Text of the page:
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Swiss Salt looks ahead to a converged futureSwiss Salt looks ahead to a converged future

Swiss operator in more confident mood following its FTTH partnership with Swisscom.

Anne Morris

May 26, 2021

3 Min Read
Swiss Salt looks ahead to a converged future

On top of the battering it took from the effects of the COVID-19 pandemic in 2020, Iliad-owned Swiss operator Salt suffered a couple of setbacks that were related to the merger of fierce rival Sunrise with Liberty Global-owned cable operator UPC.

Not only has Salt now been firmly relegated into third place behind Swisscom and Sunrise UPC, it was also forced to change course on its fiber plans after its planned joint venture with Sunrise, called Swiss Open Fiber, was dissolved.

Since then, Salt has entered into a fiber-to-the-home (FTTH) partnership with Swisscom in order to achieve its objective of becoming a "fully convergent national player".

Figure 1: Frosty reception: COVID-19 and a merger have made for difficult navigation for Salt.  (Source: Patrick Robert Doyle on Unsplash)Frosty reception: COVID-19 and a merger have made for difficult navigation for Salt.
(Source: Patrick Robert Doyle on Unsplash)

In April, Salt said this partnership, in combination with current agreements with utilities across Switzerland, will allow it to offer its Salt Home broadband product to around three million households by 2025.

In addition, Salt has been in a much more bullish mood generally as the effects of the pandemic begin to subside.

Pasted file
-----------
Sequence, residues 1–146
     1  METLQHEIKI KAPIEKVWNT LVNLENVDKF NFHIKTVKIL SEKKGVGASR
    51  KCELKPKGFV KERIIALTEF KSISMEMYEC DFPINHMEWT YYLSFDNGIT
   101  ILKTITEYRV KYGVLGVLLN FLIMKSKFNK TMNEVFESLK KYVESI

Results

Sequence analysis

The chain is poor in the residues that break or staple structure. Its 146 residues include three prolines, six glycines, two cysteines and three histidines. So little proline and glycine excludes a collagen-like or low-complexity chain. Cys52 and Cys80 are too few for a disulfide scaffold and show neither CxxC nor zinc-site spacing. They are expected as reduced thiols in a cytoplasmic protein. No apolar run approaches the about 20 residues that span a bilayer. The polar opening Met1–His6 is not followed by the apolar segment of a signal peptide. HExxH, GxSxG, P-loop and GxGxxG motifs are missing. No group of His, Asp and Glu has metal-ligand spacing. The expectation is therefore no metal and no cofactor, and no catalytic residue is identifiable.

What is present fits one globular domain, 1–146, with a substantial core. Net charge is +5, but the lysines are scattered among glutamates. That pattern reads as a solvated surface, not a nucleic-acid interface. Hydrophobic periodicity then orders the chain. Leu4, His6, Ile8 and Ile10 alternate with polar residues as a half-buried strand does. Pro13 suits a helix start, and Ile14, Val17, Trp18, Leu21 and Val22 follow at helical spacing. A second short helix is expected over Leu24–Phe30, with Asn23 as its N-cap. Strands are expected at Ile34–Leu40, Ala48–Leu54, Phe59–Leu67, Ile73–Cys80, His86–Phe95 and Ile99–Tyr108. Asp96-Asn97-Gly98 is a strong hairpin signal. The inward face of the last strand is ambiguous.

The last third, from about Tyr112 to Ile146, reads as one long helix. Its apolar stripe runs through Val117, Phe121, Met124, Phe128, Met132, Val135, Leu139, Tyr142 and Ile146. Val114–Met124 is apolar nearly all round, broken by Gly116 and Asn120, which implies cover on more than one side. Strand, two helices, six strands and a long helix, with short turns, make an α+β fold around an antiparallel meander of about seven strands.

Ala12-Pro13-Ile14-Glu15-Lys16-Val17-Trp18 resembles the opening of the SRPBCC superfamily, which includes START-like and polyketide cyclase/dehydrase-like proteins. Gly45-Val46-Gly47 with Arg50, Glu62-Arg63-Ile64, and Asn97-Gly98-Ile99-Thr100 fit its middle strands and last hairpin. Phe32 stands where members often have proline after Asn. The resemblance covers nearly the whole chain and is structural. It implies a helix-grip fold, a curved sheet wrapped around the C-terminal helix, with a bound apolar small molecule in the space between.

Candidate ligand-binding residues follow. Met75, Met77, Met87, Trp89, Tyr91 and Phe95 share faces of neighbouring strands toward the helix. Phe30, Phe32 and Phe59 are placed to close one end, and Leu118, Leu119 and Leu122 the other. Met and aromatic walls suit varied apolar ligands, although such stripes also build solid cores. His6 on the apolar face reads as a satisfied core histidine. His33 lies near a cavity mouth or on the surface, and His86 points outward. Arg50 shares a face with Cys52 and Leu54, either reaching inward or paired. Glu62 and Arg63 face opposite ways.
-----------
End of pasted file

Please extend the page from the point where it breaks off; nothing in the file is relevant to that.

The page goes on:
After reporting slight operating revenue growth of 0.5% for the fourth quarter (Q4) of 2020, the operator has been able to accelerate this growth moderately to a rate of 1.6% year-on-year in the first quarter (Q1) of 2021.

Bouncing back

In Q4 2020, Salt boasted that it had achieved 22 consecutive quarters of positive postpaid net additions in its core brand.

It now seems to have racked up 23 quarters of postpaid growth, with 18,700 net additions in the first quarter. Salt therefore had 1,325,200 postpaid mobile customers by the end of March.

As noted, operating revenue increased 1.6% to 227.9 million Swiss francs (US$254 million) in Q1, while total revenue rose 2.5% to CHF251.2 million ($280 million). Salt said operational EBITDA had improved year on year, although the final figure was 3.1% lower at CHF99 million ($110 million) due to the "phasing of handset supply delivery from Q4 2020" as well as higher acquisition, retention and advertising costs.

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Light Reading. Salt also said its cash generation in Q1 was negatively impacted by phasing effects from Q4 2020, resulting in a free cash flow of CHF10.1 million ($11 million). Pascal Grieder, CEO of Salt, hailed the results as proof that its strategy is working, and said the partnership on FTTH with Swisscom "lays an important foundation for future growth."Related posts:Eurobites: Swisscom and Salt come together on fiberSalt hails strong end to a less than sunny yearSwiss Salt steers steady course in Q3Salt gets legal over Switzerland's Sunrise-UPC tie-up— Anne Morris, contributing editor, special to Light Reading

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About the Author(s)

Anne Morris

Contributing Editor, Light Reading

Anne Morris is a freelance journalist, editor and translator. She has been working in the telecommunications sector since 1996, when she joined the London-based team of Communications Week International as copy editor. Over the years she held the editor position at Total Telecom Online and Total Tele-com Magazine, eventually leaving to go freelance in 2010. Now living in France, she writes for a number of titles and also provides research work for analyst companies.

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